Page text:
Lelie, Norris let loose at final cutdown

Ashley Lelie finally ran out of lives with the 49ers. The veteran WR, who spent most of his two summers in San Francisco nursing leg injuries, headlines a list of 21 players waived by the team Saturday to reach the NFL's final roster limit of 53 players. Lelie wasn't the only prominent veteran released from a team whose talent level obviously is rising, considering the players it had to let go.

The 49ers also released fullback Moran Norris, a starter the past two years who helped pave the way for Frank Gore's franchise-record 1,695 rushing yards in 2006, when Norris gained league-wide recognition as one of the NFL's best blocking fullbacks.

"There were obviously some tough cuts today," 49ers coach Mike Nolan said. "There were some people that I thought in some cases were less of a player than they were a year ago. I thought some of the guys actually improved. Moran Norris would be an example."

Norris lost out on a roster berth to emerging youngster Zak Keasey as the 49ers opted to go with just one fullback on their final roster. The 49ers also decided to go with just five wide receivers in offensive coordinator Mike Martz's wide-open passing system, and the oft-injured Lelie was the odd-man out after missing most of training camp with a calf injury. Lelie also missed most of training camp last year with a leg injury.

Lelie, who leads the NFL in yards per reception since he came into the league as Denver's first-round draft pick in 2002, never fulfilled his potential with the 49ers. He had just 10 receptions for 115 yards in his only season with the team last year, and made no impact whatsoever in Friday's exhibition finale against San Diego, his first action of the preseason.

"When it gets right down to it, it really became just a durability issue," Nolan said. "He did not practice much here, as we are all aware of. Since he's been here, there's been some durability issues. If you can't count on somebody for whatever the reason, it's a tough call, but we made the decision we did. I did not count Ashley out really until last night's game was over and I just kind of looked at the roster and thought this is a move that is going to be a tough move, but this is a move that we're going to have to make to keep our best 53 going forward and who is going to stay healthy."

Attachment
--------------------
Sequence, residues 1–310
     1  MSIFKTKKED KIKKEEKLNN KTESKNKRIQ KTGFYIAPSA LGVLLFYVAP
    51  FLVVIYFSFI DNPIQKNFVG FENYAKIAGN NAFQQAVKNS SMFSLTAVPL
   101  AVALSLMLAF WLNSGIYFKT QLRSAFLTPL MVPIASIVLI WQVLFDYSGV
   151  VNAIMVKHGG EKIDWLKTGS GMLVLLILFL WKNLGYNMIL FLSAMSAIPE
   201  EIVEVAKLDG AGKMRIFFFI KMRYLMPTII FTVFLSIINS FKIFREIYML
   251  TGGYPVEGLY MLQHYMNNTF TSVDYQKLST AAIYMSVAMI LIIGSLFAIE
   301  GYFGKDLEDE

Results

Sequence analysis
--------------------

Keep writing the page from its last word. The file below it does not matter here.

Other veterans released were defensive tackles Atiyyah Ellison and La Juan Ramsey, linebacker Dennis Haley and offensive tackles Alan Reuber and Joe Toledo.

First-year players released were running back Thomas Clayton - who led the 49ers in rushing in the exhibition season for the second consecutive year - cornerback Markus Curry, defensive tackle Walter Curry, wide receivers Dominique Zeigler, Robert Ortiz and Jerard Rabb, offensive tackle Chris Patrick and kicker/punter Ricky.

The 49ers also waived rookies LB Larry Grant, WR Cam Colvin, OL Brian de la Puente, TE J.J. Finley, DE Louis Holmes and S D.J. Parker. Grant, the team's seventh-round draft pick, was the only selection from this year's six-member draft class to be waived.

Linebacker Jay Moore, the team's fourth-round draft pick in 2007, was placed on injured reserve for the second consecutive year after tearing a biceps during Friday's 20-17 loss to San Diego. Moore also was injured in the preseason finale last year before being placed on injured reserve.

First-year offensive lineman Ramiro Pruneda will transfer to the practice squad, where he will spend the season as part of the NFL's international practice squad program, giving San Francisco an eighth man on its developmental roster. The 49ers can begin filling the other seven slots on their practice squad on Sunday.

The most unusual dynamic of San Francisco's roster as it is configured today is the 49ers kept 11 defensive backs while going light at both wide receiver (5) and running back (4).

"We have 11 (defensive backs) on the roster and that is one more than we usually have on the entire roster when it includes practice squad," Nolan said. "We need the numbers there to practice against. The other thing that is a compliment to those guys is that most of those players who that are defensive backs for us do contribute quite a bit to the special teams area, and that is really important. Now, if some of those guys were one-dimensional and were backup players…for example, all of the backup defensive backs we have contribute on special teams. If they did not, those are the guys we would probably have to let go."

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